Is it possible that American parents have always been this disillusioned? Anecdotal evidence says no. In pre-industrial America, parents certainly loved their children, but their offspring also served a purpose–to work the farm, contribute to the household. Children were a necessity. Today, we have kids more for emotional reasons, but an increasingly complicated work and social environment has made finding satisfaction far more difficult. A key study by University of Wisconsin-Madison’s Sara McLanahan and Julia Adams, conducted some 20 years ago, found that parenthood was perceived as significantly more stressful in the 1970s than in the 1950s; the researchers attribute part of that change to major shifts in employment patterns. The majority of American parents now work outside the home, have less support from extended family and face a deteriorating education and health-care system, so raising children has not only become more complicated–it has become more expensive. Today the U.S. Department of Agriculture estimates that it costs anywhere from $134,370 to $237,520 to raise a child from birth to the age of 17–and that’s not counting school or college tuition. No wonder parents are feeling a little blue.

Societal ills aside, perhaps we also expect too much from the promise of parenting. The National Marriage Project’s 2006 “State of Our Unions” report says that parents have significantly lower marital satisfaction than nonparents because they experienced more single and child-free years than previous generations. Twenty-five years ago, women married around the age of 20, and men at 23. Today both sexes are marrying four to five years later. This means the experience of raising kids is now competing with highs in a parent’s past, like career wins (“I got a raise!”) or a carefree social life (“God, this is a great martini!”). Shuttling cranky kids to school or dashing to work with spit-up on your favorite sweater doesn’t skew as romantic.

For the childless, all this research must certainly feel redeeming. As for those of us with kids, well, the news isn’t all bad. Parents still report feeling a greater sense of purpose and meaning in their lives than those who’ve never had kids. And there are other rewarding aspects of parenting that are impossible to quantify. For example, I never thought it possible to love someone as deeply as I love my son. As for the Sloans, it’s hard to say whether they had a less meaningful existence than my parents, or if my parents were 7 percent less happy than the Sloans. Perhaps it just comes down to how you see the candy dish–half empty or half full. Or at least as a parent, that’s what I’ll keep telling myself.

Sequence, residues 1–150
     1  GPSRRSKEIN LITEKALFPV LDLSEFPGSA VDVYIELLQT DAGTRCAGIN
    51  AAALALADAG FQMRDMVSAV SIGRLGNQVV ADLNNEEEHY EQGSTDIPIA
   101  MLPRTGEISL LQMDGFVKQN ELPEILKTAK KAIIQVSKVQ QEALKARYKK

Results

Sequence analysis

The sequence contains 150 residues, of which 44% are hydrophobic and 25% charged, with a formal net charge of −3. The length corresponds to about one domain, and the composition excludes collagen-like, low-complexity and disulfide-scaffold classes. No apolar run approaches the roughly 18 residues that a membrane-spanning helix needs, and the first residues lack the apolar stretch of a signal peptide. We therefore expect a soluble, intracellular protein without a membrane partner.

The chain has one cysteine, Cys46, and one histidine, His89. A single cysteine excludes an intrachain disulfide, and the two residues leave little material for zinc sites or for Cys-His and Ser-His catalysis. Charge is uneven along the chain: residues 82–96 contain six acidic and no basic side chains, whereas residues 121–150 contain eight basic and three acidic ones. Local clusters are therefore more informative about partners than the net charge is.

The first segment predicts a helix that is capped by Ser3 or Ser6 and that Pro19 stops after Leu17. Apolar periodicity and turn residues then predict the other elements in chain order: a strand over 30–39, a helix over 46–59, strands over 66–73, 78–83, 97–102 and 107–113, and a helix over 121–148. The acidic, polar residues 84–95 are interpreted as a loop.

Answer: False
URL: http://www.newsweek.com/id/143792

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10 thoughts on “Having Kids Makes You Happy?”

  1. This article confirmed what I suspected all along, having witnessed numerous and varied, and by far mostly negative, interactions between parents and kids when I worked a clerk in Lakeforest mall’s now defunct Drugfair from age 17-19. This experience was one of the major factors in my deciding to be childfree. I read this article when it first came out and posted comments, along with thousands of others, it seemed; it obviously hit a nerve. The comments are among the most vicious–on both sides–I’ve ever come across in a major news story blog. Anyway, I posted two comments under the name Lysistrata.

  2. Ha!
    I just got “Stumbliing on happiness” in the mail today! Looking forward to reading it. I also got Sagans “Demon-hunted world” thanks to the Here be dragons film that you pointed to. I got “World made by hand” because DV read it.
    It’s an inspiring crew over at VBB&F 🙂

  3. I amazoned those titles and read the descriptions. They look like interesting books, let me know what you think of them. I picked up two books at AR 2008. One for free, on global warming by some physicist activist dude. The other is by a professional communication/persuasion expert and AR activst.